8. "Struggle for Transcaucasia" by Feruz Kazemzadeh,

  Yale University Press, New Haven, Conn., 1951

9. "History of the Ottoman Empire and Modern Turkey" (2 volumes) by

  Stanford J. Shaw, Cambridge University Press, Cambridge, New York,
  Melbourne, 1977

10."The Western Question in Greece and Turkey" by Arnold J. Toynbee,

  Constable & Co., Ltd., London, Bombay & Sydney, 1922

11."The Caliph's Last Heritage" by Sir Mark Sykes,

  Macmillan & Co., London, 1915

12."Men Are Like That" by Leonard A. Hartill,

  Bobbs Co., Indianapolis, 1928

13."Adventures in the Near East, 1918-22" by A. Rawlinson,

  Dodd, Meade & Co., 1925

14."World Alive, A Personal Story" by Robert Dunn,

  Crown Publishers, Inc., New York, 1952

15."From Sardarapat to Serves and Lousanne" by Avetis Aharonian,

  The Armenian Review Magazine, Volume 15 (Fall 1962) through 17 
  (Spring 1964)

16."Armenia on the Road to Independence" by Richard G. Hovanessian,

  University of California Press, Berkeley, California, 1967

17."The Rebirth of Turkey" by Clair Price,

  Thomas Seltzer, New York, 1923

18."Caucasian Battlefields" by W. B. Allen & Paul Muratoff,

  Cambridge, 1953

19."Partition of Turkey" by Harry N. Howard,

  H. Fertig, New York, 1966

20."The King-Crane Commission" by Harry N. Howard,

  Beirut, 1963

21."United States Policy and Partition of Turkey" by Laurence Evans,

  John Hopkins University Press, Baltimore, 1965

22."British Documents Related to Turkish War of Independence" by Gothard


1. Neside Kerem Demir, "Bir Sehid Anasina Tarihin Soyledikleri:

  Turkiye'nin Ermeni Meselesi," Hulbe Basim ve Yayin T.A.S., 
  Ankara, 1982. (Ingilizce Birinci Baski: 1980, "The Armenian 
  Question in Turkey")

2. Veysel Eroglu, "Ermeni Mezalimi," Sebil Yayinevi, Istanbul, 1978.

3. A. Alper Gazigiray, "Osmanlilardan Gunumuze Kadar Vesikalarla Ermeni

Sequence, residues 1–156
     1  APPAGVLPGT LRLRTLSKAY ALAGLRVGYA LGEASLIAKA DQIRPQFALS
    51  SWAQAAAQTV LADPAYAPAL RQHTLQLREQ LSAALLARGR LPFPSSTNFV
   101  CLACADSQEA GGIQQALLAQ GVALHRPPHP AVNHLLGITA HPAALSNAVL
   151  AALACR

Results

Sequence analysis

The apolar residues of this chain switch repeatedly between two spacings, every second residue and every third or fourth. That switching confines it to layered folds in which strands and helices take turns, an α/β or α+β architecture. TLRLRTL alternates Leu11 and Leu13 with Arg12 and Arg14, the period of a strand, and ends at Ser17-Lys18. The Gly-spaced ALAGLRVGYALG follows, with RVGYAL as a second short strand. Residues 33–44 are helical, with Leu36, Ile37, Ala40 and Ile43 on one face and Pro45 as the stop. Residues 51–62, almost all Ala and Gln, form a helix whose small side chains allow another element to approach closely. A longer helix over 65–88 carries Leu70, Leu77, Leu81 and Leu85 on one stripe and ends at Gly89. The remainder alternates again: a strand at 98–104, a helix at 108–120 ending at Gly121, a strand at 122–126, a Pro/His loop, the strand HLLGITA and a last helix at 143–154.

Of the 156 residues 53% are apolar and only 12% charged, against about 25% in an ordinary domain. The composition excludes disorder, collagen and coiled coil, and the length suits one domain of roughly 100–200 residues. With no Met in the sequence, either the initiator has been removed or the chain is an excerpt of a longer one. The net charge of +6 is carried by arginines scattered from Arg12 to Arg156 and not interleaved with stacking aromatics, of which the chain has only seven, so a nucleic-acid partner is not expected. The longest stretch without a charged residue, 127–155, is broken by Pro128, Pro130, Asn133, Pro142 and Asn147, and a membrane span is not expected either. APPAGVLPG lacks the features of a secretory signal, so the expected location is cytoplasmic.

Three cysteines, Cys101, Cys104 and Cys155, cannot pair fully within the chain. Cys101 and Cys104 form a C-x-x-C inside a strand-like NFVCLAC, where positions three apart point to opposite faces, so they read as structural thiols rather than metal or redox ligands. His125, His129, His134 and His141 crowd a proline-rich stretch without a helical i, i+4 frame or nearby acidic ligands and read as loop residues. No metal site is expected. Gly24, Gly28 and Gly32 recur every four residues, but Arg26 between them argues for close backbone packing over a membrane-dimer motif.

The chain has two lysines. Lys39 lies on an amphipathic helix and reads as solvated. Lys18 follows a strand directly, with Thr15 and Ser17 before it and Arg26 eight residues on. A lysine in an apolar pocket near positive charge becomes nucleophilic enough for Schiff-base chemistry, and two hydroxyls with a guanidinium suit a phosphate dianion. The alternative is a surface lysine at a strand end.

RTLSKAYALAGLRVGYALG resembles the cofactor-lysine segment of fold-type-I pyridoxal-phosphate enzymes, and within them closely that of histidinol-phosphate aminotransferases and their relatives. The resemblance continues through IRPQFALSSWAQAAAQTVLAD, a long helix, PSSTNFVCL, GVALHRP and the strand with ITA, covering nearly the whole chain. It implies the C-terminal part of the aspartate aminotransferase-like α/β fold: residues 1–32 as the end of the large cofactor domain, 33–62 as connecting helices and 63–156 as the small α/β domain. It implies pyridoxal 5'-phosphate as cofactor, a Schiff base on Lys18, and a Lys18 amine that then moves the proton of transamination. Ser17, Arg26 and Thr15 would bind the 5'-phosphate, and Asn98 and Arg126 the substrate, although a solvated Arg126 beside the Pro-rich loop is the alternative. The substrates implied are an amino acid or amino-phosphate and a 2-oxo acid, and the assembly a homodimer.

Teroru'nun Kaynaklari," Gozen Kitabevi, Istanbul, 1982.

4. Dr. Kirzioglu M. Fahrettin, "Kars Ili ve Cevresinde Ermeni Mezalimi,"

  Kardes Matbaasi, Ankara, 1970.

T.C. Basbakanlik Osmanli Arsivi, Babiali, Istanbul:

a) Yildiz Esas Evraki b) Yildiz Perakende c) Irade Defterleri d) Cemaat-i Gayr-i Muslime Defterleri e) Meclisi Vukela Mazbatalari f) Dahiliye Nezareti, Kalem-i Mahsus Dosyalari g) Dahiliye Nezareti, Sifre Defterleri h) Babiali Evrak Odasi: Siyasi Kartonlar i) Babiali Evrak Odasi: Muhimme Kartonlari

T.C. Disisleri Bakanligi, Hazine-i Evrak, Defterdarlik

a) Harb-i Umumi b) Muteferrik Kartonlar

British Archives:

a) Parliamentary Papers (Hansard): Commons/Lords b) Foreign Office: Confidential Print: Various Collections c) Foreign Office: 424/239-253: Turkey: Correspondence - Annual Reports d) Foreign Office: 608 e) Foreign Office: 371, Political Intelligence: General Correspondence f) Foreign Office: 800/240, Ryan Papers g) Foreign Office: 800/151, Curzon Papers h) Foreign Office: 839: The Eastern Conference: Lausanne. 53 files

India Office Records and Library, Blackfriars Road, London.

a) L/Political and Security/10/851-855 (five boxes), "Turkey: Treaty of

  Peace: 1918-1923"

b) L/P & S/10/1031, "Near East: Turkey and Greece: Lausanne Conference,


c) L/P & S/11/154 d) L/P & S/11/1031

French Archives

Archives du ministere des Affaires entrangeres, Quai d'Orsay, Paris.

a) Documents Diplomatiques: Affaires Armeniens: 1895-1914 Collections b) Guerre: 1914-1918: Turquie: Legion d'Orient. c) Levant, 1918-1929: Armenie.

Official Publications, Published Documents, Diplomatic Correspondence, Agreements, Minutes and Others

A. Turkey (The Ottoman Empire and The Republic of Turkey)

Akarli, E. (ed.); "Belgelerle Tanzimat," (istanbul, 1978). (Gn. Kur., ATASE); "Askeri Tarih Belgeleri Dergisi," V. XXXI (81), (Dec. 1982).

; "Askeri Tarih Belgeleri Dergisi," V. XXXII (83),

(Dec. 1983). Hocaoglu, M. (ed.); "Ittihad-i Anasir-i Osmaniye Heyeti Nizamnamesi," (Istanbul, 1912). Meray, S. L. (trans./ed.) "Lozan Baris Konferansi: Tutanaklar-Belgeler," (Ankara, 1978), 2 vols. Meray, S. L./O. Olcay (ed.); "Osmanli Imparatorlugu'nun Cokus Belgeleri; Mondros Birakismasi, Sevr Andlasmasi, Ilgili Belgeler," (Ankara, 1977). (Osmanli Devleti, Dahiliye Nezareti); "Aspirations et Agissements Revolutionnaires des Comites Armeniens avant et apres la proclamation de la Constitution Ottomane," (Istanbul, 1917).